While Less Likely to Get the Virus, Children Are Not Immune to the Consequences of the Pandemic
By: Kathleen M. Carroll
This story was first featured in Comboni Missions Magazine Fall 2020 edition.
Children have not been the face of the COVID-19 pandemic. But they risk being among its biggest victims.
Women and children generally bear the brunt of large catastrophes. They are most likely to become refugees, suffer disproportionately from famine, and are left far behind in times of economic downturn.
While children seem to have avoided many of the direct health effects of COVID-19 — at least so far — the crisis is taking its toll on them nonetheless.
All children, of all ages, and in all countries, are being affected, in particular by the socioeconomic impacts and, in some cases, by mitigation measures that may inadvertently do more harm than good. This is a universal crisis and, for some children, the impact will be lifelong. But the harmful effects of this pandemic will not be distributed equally.
They are expected to be most damaging for children in the poorest countries, and in the poorest neighborhoods, and for those in already disadvantaged or vulnerable situations.
As business shut down, some higher-paid employees and executives have been able to rely on savings to weather the storm. For entry-level workers, the loss of even one paycheck was devastating. Even as some areas began to reopen, workers with young children have seen drastic shifts in their day care and schooling options. If in-person schooling was not an option, parents faced dire choices. Should they leave their children unattended? Or should they stay home, lose their jobs, and as a consequence, lose unemployment benefits? And this was the situation for workers in the U.S.
In small villages in Africa, Asia, and South America, markets were closed by government mandate. In some areas, a single market can be a significant element of the food-supply chain. Even those who had a little money put aside quickly found that they had nowhere to spend it.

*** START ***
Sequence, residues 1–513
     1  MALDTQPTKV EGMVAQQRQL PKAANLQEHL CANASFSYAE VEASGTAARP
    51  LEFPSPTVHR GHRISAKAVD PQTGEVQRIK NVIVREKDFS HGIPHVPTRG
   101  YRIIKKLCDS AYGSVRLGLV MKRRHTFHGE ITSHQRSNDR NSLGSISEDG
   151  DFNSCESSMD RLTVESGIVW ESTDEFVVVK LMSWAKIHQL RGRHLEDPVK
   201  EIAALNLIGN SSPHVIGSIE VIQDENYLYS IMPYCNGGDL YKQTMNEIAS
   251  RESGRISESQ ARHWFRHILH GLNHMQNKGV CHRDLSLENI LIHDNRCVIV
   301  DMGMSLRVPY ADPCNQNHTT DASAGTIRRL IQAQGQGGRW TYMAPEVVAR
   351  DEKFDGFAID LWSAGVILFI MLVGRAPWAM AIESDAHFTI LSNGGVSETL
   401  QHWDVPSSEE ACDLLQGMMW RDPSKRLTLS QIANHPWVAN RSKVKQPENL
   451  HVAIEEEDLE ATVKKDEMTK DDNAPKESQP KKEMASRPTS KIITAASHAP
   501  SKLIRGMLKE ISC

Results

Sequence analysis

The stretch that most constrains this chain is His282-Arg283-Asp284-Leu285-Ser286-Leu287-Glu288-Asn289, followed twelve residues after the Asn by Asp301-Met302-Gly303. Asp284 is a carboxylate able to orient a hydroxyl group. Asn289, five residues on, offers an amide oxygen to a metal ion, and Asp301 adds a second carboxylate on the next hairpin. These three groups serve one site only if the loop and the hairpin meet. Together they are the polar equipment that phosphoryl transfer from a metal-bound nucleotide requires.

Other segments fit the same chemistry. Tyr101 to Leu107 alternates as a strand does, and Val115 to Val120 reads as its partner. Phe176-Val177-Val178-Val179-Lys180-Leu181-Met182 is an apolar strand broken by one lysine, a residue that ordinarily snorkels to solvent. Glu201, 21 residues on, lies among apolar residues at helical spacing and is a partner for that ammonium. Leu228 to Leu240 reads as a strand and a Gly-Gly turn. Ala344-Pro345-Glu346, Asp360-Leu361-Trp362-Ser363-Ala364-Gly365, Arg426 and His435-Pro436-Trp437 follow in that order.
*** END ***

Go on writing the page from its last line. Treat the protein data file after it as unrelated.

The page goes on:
In food-insecure households, the desperate math is simple: Feed those who have jobs to go to. School meals that have been a support for low-income families have disappeared as well, and children who fall behind in key nutrients during childhood may suffer deficits that last a lifetime.
UNESCO estimates that 42 to 66 million children could fall into extreme poverty (less than $2/day income) as a result of the pandemic, adding to the 386 million already living at below subsistence level.
Solving the school equation has been difficult even among wealthier nations. Globally 188 countries have closed all public schools for some period of time. Most of them have established distance-learning platforms, but in low-income nations, just 30 percent have taken this step. Of course, even web- , radio- , or television-based coursework relies on access to these media — often well out of reach for the poor.
The number of children affected by this education gap approaches 1.5 billion. Even if a vaccine is approved tomorrow, what will the long-term impacts be? No one can say with certainty.
Other Health Impacts
Children who don’t get coronavirus can still get polio, malaria, typhus, and a host of other treatable or preventable diseases. The shutdown threatens access to vaccines and healthcare for everyone, especially low-income children. The UN has forecast that years of progress in reducing infant mortality could be erased by the pandemic.
Exposure to Violence
Lockdowns and shelter-in-place measures come with heightened risk of children witnessing or suffering violence and abuse. Children in conflict settings, as well as those living in unsanitary and crowded conditions, such as refugee and IDP settlements, are also at considerable risk. Online platforms for distance learning carry an increased risk of exposure to inappropriate content and online predators.
As far as science knows right now, no one is immune from COVID-19 and no one is immune from its wider effects. As usual, the youngest and most vulnerable will bear a disproportionate burden in dealing with this crisis.